3) If you want a cheap hardware PCI/ATA solution, I have used the AMI MegaRAID chipset for over 8 1/2 years, using multiple implementations with a replacement CARD, and found that to be a real value. Worked great. I think it even had raid-5 but can’t recall and never used it other than raid-0 (hw only) and raid-1 (hw only). I think they got bought by LSI but if you can find one of these cards, give one a try. (Note, Fdisking can be tricky depending on what version you use, you may have to do some bit-changing arithmetic.)

    Best of Luck!

  6. reidfo says:

    Just… DAMN. I JUST bought this card today, and my shiny new Linux box is installing right now with it (under FC6). I’m glad I found this site. I bought Adaptec because I *thought* I was buying a quality hardware raid card. Fortunately my distributor has a 10 day return policy. This sucker’s going back first thing Monday morning and I’m buying a 3ware controller.

  7. LarryInCincy says:

    I am not sure where it document stuff like this but this blog seems as good a place as any.

    I too bought a bright and shiny new 1420SA raid card thinking I might want raid on my new backup server. I choose Adaptec because I have had great luck with the other 4 – upscale 2XXX models – I bought for my Beowulf clusters and webservers. Lost a lot of disks over the years but the controller just beeped a bunch till I hot swapped a replacement drive in – rebuilt on the fly with out even a reboot! Life was good.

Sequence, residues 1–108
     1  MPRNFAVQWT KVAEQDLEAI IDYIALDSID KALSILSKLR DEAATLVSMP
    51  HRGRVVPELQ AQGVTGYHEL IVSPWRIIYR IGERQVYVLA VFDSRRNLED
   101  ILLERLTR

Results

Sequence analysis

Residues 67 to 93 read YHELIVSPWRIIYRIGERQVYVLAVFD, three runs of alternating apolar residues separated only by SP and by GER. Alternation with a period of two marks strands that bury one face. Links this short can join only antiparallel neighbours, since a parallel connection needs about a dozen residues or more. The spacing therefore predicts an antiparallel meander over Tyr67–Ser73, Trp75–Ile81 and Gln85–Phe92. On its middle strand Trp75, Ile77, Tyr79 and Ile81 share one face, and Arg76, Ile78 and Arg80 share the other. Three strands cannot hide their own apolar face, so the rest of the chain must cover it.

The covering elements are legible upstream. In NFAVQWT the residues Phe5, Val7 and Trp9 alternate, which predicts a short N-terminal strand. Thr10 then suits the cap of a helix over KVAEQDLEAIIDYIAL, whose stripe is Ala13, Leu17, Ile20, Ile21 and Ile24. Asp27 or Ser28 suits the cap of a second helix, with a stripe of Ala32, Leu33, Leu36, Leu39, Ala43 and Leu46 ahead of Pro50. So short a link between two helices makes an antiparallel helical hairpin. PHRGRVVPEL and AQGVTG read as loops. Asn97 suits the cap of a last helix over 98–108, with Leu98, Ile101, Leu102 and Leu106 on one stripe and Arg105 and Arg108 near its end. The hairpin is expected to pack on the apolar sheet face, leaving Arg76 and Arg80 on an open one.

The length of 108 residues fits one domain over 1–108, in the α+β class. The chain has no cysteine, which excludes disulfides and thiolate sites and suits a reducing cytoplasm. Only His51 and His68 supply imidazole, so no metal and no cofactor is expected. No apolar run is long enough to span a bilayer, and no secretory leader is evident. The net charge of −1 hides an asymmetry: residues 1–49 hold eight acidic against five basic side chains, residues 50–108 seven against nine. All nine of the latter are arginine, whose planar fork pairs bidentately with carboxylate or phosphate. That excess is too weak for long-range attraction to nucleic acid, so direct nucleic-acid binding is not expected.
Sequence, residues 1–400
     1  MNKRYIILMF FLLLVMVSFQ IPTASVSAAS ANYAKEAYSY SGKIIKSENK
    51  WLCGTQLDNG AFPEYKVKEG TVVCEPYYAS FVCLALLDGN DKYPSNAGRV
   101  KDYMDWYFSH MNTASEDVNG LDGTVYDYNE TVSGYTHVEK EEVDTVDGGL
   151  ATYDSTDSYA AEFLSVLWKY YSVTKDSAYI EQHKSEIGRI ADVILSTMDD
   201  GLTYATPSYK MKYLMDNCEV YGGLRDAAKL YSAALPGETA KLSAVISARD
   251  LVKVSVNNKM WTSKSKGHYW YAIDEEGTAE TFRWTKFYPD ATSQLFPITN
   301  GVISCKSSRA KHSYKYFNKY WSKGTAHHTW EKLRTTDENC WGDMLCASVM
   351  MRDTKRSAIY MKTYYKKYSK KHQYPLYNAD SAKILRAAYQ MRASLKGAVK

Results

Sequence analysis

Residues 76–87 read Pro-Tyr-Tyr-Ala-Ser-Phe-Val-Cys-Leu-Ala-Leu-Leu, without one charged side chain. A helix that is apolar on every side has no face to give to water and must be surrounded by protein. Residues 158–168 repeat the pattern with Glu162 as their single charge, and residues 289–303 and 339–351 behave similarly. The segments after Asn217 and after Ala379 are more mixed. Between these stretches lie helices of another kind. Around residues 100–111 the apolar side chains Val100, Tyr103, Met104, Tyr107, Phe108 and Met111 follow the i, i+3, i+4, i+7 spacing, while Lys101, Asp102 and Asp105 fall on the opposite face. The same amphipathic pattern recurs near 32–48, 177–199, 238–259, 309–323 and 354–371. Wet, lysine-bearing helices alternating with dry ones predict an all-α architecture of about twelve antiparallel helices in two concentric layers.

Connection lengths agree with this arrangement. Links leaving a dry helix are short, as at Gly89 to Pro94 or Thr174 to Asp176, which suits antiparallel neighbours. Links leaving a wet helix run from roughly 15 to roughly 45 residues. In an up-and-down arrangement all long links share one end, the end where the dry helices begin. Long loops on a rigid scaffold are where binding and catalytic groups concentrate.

So the 1420 seemed like a safe bet – still might be but the installs not done yet so I can’t say for sure – but, my God, what I had to go through to get here.

    1st comment: Why does Adaptec send out their drivers in a *.img file? — Rpms don’t count if you are trying to install. — What’s in the img file? A handful of files in a dos disk format. How do you get them to a dos disk? Go to a linux box and run “dd if=driver_name.img of=/dev/fd0”. This will put 700K of driver files down on a dos disk. If you don’t happen to have a linux box handy this will be tough and you can’t simply copy the img to a floppy because its too big and it wouldn’t work anyway. If they are sending out dos files( OK, linux files but packaged in a DOS disk format) why not in a *.exe format that writes dos disks?

    2nd comment: This is for Red Hat. Red Hat is VERY particular about revisions – I mean down to the “-##” kernel number – 2.6.9 wasn’t good enough. I spent a day – including 2 calls to Adaptec support – not much help but they aren’t linux folks after all – trying to figure out why the latest Adaptec drivers wouldn’t load. BTW. Red Hat isn’t kind enough to say, “You are trying to install a driver from a kernel version different then you are installing to. Do you want to continue?”. It doesn’t say anything at all just doesn’t find any drives.